Tips for Building a Terrible Website - QC Makeup Academy

As a new makeup artist, you’ll quickly find that online tools like social networking profiles and websites are extremely useful for advertising your services and building your client base. In fact, in our current society, they’re basically essential! Particularly for those who aren’t familiar with the different online capabilities that might be used to network a business, the prospect of building professional pages can be daunting. Developing your own website is especially challenging because the process of building one isn’t as cut and dry as setting up a Facebook page, for example. As a result, many businesses and free lance makeup artists make some common mistakes, particularly if they’re using web building tools for the first time. If you’d like to build a terrible website for your makeup services, here are some great ways to achieve your goal!

1. Place your navigation tools wherever you’d like

Popular websites usually place their navigation tools horizontally near the top of the page, or vertically down the left side. These spots are generally at eye-level, making them easy to find for the user and allowing for simple clicking between information pages. Terrible websites, however, tend to avoid these intuitive places. Instead, users will have to locate main navigation bars near the bottom, in the middle, or down the right side. The more uncommon the place, the harder time your visitors will have finding the various pages of your site.

Hard to navigate

2. Don’t tell people where to find things

On most web pages, the menu names in the navigation bar are very descriptive. Each one tells visitors exactly what they’ll find on that page, allowing them to easily locate the information they’re looking for. The headings are simple and to the point, but detailed enough to ensure that users can find what they need on the website. On a terrible website, however, the menu headings will be vague. The more generic that the menu items are, the more pages visitors have to click on before they actually find the information they’re looking for.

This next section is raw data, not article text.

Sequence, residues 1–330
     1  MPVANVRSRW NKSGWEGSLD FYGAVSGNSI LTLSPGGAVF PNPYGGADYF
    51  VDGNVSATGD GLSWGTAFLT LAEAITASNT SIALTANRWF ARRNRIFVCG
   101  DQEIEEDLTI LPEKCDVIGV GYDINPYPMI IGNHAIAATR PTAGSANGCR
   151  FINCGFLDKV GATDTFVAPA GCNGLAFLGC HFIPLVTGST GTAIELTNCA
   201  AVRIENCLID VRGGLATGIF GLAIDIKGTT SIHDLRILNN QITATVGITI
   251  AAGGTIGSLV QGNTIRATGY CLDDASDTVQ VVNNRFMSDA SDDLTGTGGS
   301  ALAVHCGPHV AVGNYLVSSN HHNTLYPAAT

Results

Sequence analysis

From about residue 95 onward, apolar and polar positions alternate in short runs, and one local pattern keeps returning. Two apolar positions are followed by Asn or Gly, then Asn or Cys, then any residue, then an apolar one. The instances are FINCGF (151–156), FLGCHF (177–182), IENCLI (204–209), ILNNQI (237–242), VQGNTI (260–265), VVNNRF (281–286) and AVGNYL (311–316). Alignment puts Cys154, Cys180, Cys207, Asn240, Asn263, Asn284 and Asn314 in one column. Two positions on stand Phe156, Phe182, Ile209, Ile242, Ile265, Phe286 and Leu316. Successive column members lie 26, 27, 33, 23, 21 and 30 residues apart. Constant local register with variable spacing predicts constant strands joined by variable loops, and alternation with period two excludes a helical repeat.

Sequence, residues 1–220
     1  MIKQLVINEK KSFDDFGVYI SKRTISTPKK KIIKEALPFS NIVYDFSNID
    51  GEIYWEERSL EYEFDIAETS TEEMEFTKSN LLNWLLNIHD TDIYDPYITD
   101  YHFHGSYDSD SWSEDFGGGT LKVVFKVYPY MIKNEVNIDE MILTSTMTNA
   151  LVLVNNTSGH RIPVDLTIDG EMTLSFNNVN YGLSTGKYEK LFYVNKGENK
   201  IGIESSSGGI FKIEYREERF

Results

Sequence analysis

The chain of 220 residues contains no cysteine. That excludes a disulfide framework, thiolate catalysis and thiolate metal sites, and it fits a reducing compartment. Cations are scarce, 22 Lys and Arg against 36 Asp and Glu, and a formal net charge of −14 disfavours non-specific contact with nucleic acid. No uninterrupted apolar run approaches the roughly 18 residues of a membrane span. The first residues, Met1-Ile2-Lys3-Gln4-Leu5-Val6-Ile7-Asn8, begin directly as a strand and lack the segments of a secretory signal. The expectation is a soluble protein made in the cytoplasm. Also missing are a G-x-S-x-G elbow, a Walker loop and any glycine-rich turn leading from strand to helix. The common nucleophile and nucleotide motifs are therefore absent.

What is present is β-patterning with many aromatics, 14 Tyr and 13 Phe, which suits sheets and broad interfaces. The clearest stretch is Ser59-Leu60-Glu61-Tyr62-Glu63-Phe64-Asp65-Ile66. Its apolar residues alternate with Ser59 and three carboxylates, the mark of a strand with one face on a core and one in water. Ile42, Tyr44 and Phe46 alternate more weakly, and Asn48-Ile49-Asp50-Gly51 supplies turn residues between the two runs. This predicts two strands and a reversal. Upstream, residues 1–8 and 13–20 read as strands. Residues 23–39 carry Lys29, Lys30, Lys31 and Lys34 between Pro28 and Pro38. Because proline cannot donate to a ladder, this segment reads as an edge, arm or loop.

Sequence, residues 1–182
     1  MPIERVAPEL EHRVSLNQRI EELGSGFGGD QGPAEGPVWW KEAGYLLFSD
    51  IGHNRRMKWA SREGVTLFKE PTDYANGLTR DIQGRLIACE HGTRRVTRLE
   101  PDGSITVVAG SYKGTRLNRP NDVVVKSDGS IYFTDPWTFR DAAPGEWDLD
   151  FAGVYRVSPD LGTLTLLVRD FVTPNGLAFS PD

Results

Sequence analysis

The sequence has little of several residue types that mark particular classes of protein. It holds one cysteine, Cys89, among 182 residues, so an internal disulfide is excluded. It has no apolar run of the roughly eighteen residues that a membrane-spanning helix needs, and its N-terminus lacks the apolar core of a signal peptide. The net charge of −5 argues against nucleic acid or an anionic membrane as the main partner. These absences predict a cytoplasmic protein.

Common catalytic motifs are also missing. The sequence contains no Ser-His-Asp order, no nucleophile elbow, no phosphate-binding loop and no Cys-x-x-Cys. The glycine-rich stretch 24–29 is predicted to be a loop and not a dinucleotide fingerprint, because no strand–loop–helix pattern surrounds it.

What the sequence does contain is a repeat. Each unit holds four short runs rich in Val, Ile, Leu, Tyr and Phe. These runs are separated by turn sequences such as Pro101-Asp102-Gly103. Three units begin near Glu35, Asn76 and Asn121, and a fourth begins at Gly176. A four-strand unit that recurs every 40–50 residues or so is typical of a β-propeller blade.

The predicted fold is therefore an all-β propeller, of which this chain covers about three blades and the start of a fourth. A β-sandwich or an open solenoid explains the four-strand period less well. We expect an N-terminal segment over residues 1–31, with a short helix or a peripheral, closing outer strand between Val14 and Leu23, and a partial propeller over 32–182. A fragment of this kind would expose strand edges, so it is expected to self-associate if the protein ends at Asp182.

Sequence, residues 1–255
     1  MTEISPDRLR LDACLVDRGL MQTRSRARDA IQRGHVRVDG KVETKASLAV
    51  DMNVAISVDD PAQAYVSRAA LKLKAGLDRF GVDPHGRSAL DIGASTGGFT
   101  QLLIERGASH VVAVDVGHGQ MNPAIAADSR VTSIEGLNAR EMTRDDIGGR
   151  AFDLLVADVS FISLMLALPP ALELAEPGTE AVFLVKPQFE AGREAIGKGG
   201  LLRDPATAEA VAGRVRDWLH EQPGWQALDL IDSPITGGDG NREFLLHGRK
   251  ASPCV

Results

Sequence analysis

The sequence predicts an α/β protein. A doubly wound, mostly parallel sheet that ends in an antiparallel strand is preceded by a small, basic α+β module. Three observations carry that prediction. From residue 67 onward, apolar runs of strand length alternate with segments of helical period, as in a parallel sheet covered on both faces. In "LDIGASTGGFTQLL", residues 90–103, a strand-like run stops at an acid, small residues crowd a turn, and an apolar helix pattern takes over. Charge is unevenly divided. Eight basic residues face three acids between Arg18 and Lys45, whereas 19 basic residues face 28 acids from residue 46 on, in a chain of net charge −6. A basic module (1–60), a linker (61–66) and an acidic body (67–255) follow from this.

3. Think bright and crowded!

Most user-friendly websites include enough color to be visually pleasing, but not so much that it becomes overwhelming and users have trouble reading the words. Similarly, good sites usually avoid crowding too much information or too many pictures into one place. A terrible website, however, might use extremely bright color combinations, like yellow writing on a hot pink background. Additionally, many pictures and chunks of information are often crowded together in small spaces. The busier the page is, the longer it will take users to find the links and information that they came to the page for.

Too bright

4. Sequence isn’t crucial

Most effective websites format their posts so that the newest information appears on the page first. This ensures that the most recent updates are easily accessible to users seeking information about the business and their services. Rather than organizing new posts in this manner, terrible websites often display updates with the oldest posts showing first and the newest ones situated pages into the site. Some terrible websites even go so far as to post updates in a random order, increasing the amount of time users must spend searching for the most recent information.

5. Hide your brand